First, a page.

I love this question. Okay, so when you hit that rock bottom moment, I think you, it doesn’t matter if it’s with your career or your relationships or whatever, you’re at rock bottom, and you’re at this place where you just feel like you have no one, you’re completely alone. And you’re just faced with yourself, like you’re faced with all those inner demons that you have. And we all have them. And I feel like this is the defining moment of where people either blossom into this amazing person, or they go down even further, and they go down the wrong path. And I think when you’re, when you’re at the rock bottom, you have to make, like a choice there. So how I saw it was it was like, okay, my career wasn’t really taking off, I’ll be like, my marriage failed, everything just seemed like it was failing. And I’m a big believer in being self aware, and that we actually create a lot of our own homes no matter what it is. So I just thought to myself, I was like, All right, I can keep doing what I was doing before. Because that clearly drove me to the bottom like it did, all of the steps that I was doing did not help me at all. Or I could take a step back, and try to properly learn how to do this and do the right steps and start listening to people who know a lot more than I do. And really, really, like, follow those proper mentors and those healthy people. And that’s what I decided to do, because I felt like I had no choice. It was either it’s gonna get worse, or you can turn this around and start doing things differently. And it’ll get better, and it got better.

Stanley Aryanto – The Wicked Hunt  21:27  
That is great. Yeah, I think, you know, one of the biggest thing that I got from Loyola, your answer is they’re like, if you, regardless where you are in your your life, or your struggle, you never really lose that belief in yourself, you know, you decided to go back and build, you know, build, build it over again, start over again. And that’s, that’s amazing. You know, I’m, I’m so inspired just by listening to this.

Sarah Lyndsay  21:52  
We’re all capable. Totally in the mind, and it but like, the thing is, is it took these really hard moments to get there’s eight like, flips a switch almost. So I’m grateful, not well, not grateful for the bad things, but I wouldn’t be who I am without them. Surely, yeah.

Stanley Aryanto – The Wicked Hunt  22:11  
Yeah. For now, for sure. You know, the hard times is the things that define who we are today. Right? So that’s yeah, that is such a great answer. So thanks for sharing that. And what, so for people out there, you say that like, anyone want to pursue this full time, or you know, want to pursue this passion and make it your lifestyle, you can do it. But you also mentioned that, you just need to make sure that you have you understand that it’s not a path to heaven, or so they’re like, there, it’s not gonna be as smooth sailing. So it goes through your experience as a professional photographer, and some of the things that some of the challenges that you came across, and how can people learn from this journey so that if they do decide to pursue their passion full time, they it kind of, you know, it makes things easier for them? What, what would that be that you would share to these people?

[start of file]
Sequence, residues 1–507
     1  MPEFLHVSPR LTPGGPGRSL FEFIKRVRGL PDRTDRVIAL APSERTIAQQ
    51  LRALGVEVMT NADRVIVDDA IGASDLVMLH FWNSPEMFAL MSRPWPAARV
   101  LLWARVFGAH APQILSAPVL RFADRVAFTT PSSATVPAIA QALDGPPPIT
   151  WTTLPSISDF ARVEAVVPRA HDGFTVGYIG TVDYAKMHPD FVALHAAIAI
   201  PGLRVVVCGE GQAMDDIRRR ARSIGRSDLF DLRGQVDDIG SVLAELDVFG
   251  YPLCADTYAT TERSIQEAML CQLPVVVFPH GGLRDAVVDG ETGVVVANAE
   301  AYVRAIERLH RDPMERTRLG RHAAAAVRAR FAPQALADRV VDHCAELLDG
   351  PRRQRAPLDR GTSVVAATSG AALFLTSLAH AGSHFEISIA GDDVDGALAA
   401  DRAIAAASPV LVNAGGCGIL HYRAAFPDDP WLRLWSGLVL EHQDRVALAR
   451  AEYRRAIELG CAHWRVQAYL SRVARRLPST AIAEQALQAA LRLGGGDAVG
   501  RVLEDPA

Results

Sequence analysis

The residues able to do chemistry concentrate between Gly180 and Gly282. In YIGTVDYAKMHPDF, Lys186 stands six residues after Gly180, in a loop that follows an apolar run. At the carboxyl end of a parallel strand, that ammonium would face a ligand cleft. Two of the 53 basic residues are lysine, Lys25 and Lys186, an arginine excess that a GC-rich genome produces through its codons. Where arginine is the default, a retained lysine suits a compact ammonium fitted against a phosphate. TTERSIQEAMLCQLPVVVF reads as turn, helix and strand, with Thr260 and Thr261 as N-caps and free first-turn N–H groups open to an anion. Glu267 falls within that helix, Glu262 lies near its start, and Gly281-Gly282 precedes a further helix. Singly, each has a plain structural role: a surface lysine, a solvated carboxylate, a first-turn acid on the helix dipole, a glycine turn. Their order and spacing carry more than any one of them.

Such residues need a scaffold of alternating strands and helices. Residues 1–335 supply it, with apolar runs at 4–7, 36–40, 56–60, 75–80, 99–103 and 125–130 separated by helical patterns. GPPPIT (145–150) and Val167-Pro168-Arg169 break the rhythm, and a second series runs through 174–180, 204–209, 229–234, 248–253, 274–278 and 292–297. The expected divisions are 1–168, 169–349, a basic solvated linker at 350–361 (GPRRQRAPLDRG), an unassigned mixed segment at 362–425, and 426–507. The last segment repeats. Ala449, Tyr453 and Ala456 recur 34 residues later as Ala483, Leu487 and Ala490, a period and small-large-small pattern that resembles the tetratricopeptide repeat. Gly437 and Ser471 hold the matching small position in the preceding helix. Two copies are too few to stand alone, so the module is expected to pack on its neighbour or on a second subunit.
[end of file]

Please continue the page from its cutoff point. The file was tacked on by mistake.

Sarah Lyndsay  23:11  
Well, I think I’ll start off with like, the struggles. So we’re talking we’re debt, we’re talking about it like as a professional career at this at this point, right. Okay. So the struggles are, okay, you definitely have to recognise the struggles first, because it helps it helps understand, Okay, well, this is hard. Why is it hard? So it’s not really the being a professional photographer. It’s not like, you don’t really go to school for this, you don’t, there’s not really like a road map laid out. And a lot of other photographers are very, very private, and you can hire mentors, you can do mentoring sessions. But there’s not really like this laid out step by step plan for photographers, and most people will always kind of drill it in your mind. Career, like a lot of people look at it, and it’s like, oh, okay, that’s not, you know, photography is I have a fancy camera, I can just do it, right. Like, there’s this, this whole stigma around it, that it’s very challenging to do as a career, which it is not gonna lie, but I think the reason why it’s so challenging is because you are a business owner. Like there’s no really other way to do photography as a career other than running your own photography show. I’m sure you could get some jobs in big cities with other people, but you’re running a business and not everybody is a business owner. So there’s all these skills that you have to learn and you don’t really have anywhere to look other than YouTube or trying to read about it online. So you feel you don’t really have like that support. It’s not like you’re going to university, you have all your classmates with you you have a teacher that is kind of accountable for you, right it’s it’s just different. So your end because you’re alone. Like there’s just no one to turn to. So those those are the struggles and I find it with photography and doing photography as a career. It’s very like you have to mentally understand what it’s it’s the mindset like you just have to be aware of these things. But know that there still is a way forward. And if you can keep pushing and keep learning and keep growing, and change your perspective about it, like you will succeed. So how I do this is, I mean, I constantly feel like I’m learning, always, always learning, but I look at it like, Okay, I’ve chosen this as a career. Let’s say I chose to be a nurse, you know, that’s for five years of university. Why is my photography, learning and my photography, career business growing any different, you know, give myself a few years to do it, right. And you kind of have to like it just as if you’re deciding to go to school to be a nurse, you know, you have to figure out your your finances to be able to go back to school, right? Your you got to sort out your living situation, look at photography the exact same way, and just be patient and give yourself that time to actually properly grow a business. Most business owners fail in the first year. They do. And that’s okay, though. Because how do you learn you learn from every mistake that you make? So those were the struggles, but with the right mindset, it’s totally doable. Anything is doable? It all is.